CHICAGO, March 11, 2016. Boeing Chief Technology Officer and Senior Vice President, Engineering, Operations & Technology John Tracy has announced his intention to retire after 35 years of service and 10 years as CTO, following celebration of Boeing’s 100th anniversary this summer.
Tracy will begin transitioning his portfolio of Engineering, Operations & Technology (EO&T) duties next month to newly designated companywide functional leaders who will report directly to Boeing Chairman, President and CEO Dennis Muilenburg. Tracy will continue as CTO through Boeing’s July centennial celebration, with transition plans for that role announced at a later date.
“John Tracy has personified engineering and technical excellence at the leading edge of aerospace innovation throughout his 35 years with Boeing,” said Muilenburg. “As CTO for the past decade, his leadership, intellect and commitment to bringing together the best of Boeing ensured our success in providing high-value solutions to customers, operating our businesses more efficiently, and enabling investment in future innovation and growth. He will leave us a legacy of achievement that includes a new generation of diverse and talented innovators developed under his watch,” Muilenburg added.
Building on Tracy’s efforts that streamlined and unified core technical and operational activities within the company, Boeing is elevating the reporting for those activities directly to CEO Muilenburg under four newly designated company functions to place increased emphasis and attention on capabilities deemed critical to ensuring Boeing’s competitive edge in its second century.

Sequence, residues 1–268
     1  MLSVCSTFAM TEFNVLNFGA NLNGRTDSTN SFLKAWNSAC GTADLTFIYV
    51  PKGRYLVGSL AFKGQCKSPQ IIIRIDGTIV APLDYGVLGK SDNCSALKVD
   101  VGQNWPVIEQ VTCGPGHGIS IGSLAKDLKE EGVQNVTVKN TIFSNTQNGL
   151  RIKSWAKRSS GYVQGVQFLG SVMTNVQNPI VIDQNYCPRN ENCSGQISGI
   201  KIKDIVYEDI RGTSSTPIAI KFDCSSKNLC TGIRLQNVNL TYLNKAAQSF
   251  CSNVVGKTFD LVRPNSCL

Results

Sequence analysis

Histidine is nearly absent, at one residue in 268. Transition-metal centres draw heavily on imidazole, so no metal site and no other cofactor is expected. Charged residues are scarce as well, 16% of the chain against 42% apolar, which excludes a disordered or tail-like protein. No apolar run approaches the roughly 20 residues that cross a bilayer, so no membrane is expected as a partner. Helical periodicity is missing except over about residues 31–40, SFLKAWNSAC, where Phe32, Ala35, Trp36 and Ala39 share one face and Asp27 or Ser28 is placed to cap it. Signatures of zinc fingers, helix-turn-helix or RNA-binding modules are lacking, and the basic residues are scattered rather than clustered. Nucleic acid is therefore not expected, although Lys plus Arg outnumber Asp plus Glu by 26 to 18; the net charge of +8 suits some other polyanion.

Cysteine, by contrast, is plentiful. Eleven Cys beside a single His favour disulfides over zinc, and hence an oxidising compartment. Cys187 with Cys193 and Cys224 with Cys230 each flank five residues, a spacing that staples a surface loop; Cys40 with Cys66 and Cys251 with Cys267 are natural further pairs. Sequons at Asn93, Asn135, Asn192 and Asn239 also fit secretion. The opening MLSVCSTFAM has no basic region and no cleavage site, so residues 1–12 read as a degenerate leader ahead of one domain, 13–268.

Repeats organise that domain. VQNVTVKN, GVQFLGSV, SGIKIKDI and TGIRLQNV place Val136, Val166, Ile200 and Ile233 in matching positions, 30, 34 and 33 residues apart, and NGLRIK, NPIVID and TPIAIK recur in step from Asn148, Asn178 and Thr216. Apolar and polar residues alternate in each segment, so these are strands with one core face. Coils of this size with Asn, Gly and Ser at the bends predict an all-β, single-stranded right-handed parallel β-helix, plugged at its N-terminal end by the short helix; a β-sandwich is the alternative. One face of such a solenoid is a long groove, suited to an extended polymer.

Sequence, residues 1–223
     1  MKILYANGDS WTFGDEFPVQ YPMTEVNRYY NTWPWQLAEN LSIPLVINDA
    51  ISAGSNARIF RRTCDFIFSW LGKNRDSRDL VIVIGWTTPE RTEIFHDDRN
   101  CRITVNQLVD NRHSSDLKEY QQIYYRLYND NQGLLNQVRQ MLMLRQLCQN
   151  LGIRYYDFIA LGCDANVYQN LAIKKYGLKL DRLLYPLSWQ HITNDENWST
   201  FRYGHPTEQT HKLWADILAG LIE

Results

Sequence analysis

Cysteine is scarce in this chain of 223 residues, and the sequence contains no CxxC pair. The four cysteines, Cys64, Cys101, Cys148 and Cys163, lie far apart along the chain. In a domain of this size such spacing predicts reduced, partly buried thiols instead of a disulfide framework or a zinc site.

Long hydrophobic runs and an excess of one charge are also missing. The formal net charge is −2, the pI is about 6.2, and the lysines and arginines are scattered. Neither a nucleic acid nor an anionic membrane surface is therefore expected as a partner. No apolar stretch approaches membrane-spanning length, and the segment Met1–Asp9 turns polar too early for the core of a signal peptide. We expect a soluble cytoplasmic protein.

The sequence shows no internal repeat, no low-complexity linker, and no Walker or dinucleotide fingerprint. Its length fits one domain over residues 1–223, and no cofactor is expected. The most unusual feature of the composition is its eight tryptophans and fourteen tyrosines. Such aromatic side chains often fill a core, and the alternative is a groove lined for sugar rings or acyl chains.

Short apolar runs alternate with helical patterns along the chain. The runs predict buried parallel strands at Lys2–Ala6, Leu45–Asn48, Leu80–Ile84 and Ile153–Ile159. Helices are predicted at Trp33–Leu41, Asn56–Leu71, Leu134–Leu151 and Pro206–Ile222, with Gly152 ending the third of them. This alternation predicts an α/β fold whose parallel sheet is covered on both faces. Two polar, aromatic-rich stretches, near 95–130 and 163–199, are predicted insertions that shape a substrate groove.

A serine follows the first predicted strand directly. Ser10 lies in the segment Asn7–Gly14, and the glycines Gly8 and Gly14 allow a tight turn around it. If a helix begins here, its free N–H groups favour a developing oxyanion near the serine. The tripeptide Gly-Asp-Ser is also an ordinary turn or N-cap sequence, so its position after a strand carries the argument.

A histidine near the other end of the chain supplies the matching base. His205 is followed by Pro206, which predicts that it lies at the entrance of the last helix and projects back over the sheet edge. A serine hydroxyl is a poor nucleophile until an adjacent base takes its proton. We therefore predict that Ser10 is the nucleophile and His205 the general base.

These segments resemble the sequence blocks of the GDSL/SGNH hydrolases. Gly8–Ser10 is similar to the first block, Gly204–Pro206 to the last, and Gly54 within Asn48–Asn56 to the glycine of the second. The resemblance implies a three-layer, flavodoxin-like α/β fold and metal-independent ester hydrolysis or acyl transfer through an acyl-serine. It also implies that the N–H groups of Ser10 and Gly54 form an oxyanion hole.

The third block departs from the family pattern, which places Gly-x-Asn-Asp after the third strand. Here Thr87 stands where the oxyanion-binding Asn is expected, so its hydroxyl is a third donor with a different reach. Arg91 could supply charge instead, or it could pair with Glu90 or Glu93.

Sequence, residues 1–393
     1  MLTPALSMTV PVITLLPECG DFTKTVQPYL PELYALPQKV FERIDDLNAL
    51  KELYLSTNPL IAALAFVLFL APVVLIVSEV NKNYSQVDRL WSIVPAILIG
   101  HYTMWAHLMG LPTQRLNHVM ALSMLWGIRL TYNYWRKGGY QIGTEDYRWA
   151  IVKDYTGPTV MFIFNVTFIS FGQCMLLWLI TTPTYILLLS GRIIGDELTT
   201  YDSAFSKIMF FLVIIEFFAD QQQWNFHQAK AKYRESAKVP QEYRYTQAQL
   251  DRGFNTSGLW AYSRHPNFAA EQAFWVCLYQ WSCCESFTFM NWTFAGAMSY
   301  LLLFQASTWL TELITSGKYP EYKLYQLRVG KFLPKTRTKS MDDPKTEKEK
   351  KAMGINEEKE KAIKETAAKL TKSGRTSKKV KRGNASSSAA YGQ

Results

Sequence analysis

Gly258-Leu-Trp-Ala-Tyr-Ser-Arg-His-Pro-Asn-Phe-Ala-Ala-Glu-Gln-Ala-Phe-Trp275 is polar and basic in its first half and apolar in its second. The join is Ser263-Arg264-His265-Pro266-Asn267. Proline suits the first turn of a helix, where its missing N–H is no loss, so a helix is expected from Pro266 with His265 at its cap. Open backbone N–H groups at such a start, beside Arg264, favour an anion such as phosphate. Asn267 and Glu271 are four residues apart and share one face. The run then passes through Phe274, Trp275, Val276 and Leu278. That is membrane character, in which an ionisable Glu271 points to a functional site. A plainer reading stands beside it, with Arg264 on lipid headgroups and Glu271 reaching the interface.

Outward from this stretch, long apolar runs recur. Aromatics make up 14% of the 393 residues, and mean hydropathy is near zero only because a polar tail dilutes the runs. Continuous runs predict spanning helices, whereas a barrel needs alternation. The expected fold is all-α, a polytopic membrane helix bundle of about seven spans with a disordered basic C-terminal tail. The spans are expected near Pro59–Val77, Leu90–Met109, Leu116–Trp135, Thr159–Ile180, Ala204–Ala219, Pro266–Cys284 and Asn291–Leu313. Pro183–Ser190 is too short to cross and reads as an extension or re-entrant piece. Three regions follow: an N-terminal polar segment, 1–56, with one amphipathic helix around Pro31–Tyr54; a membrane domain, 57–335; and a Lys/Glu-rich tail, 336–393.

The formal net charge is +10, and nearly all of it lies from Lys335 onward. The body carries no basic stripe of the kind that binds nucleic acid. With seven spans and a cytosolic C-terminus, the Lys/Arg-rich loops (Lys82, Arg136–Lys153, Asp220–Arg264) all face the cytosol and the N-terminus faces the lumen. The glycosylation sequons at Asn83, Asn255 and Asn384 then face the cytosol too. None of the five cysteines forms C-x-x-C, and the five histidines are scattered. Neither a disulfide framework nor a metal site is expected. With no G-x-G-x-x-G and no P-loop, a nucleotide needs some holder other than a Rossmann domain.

Effective April 4 Ted Colbert, who continues as the company’s chief information officer, is also named senior vice president, Information & Analytics. He will be responsible for information technology strategy, operations and processes, and will lead the company’s Information & Analytics initiative. He is based in Washington, D.C.
Scott Fancher is named Boeing senior vice president, Program Management, Integration & Development Programs. He will be responsible for management system deployment and oversight of all Boeing development programs, re-establishing a Boeing-wide program management function, and leading key company growth and productivity initiatives. He will be based in Chicago.
Greg Hyslop is named Boeing senior vice president, Engineering, Test & Technology. In this role, he will be responsible for the companywide Boeing Engineering function, Boeing Research & Technology and Boeing Test & Evaluation. He will be based in Chicago.
Pat Shanahan is appointed Boeing senior vice president, Supply Chain & Operations. He will be responsible for oversight of the company’s manufacturing operations and supplier management functions, including implementation of advanced manufacturing technologies and global supply chain strategies. He will also lead Boeing’s Environment, Health & Safety and Intellectual Property Management organizations. He will be based in Bellevue, Wash.
“These moves are the natural next steps to build on our core strengths and talent, expand One Boeing enterprise best practices and integration, accelerate innovation and competitiveness to win in the global market, and deliver greater value to customers today and tomorrow,” said Muilenburg.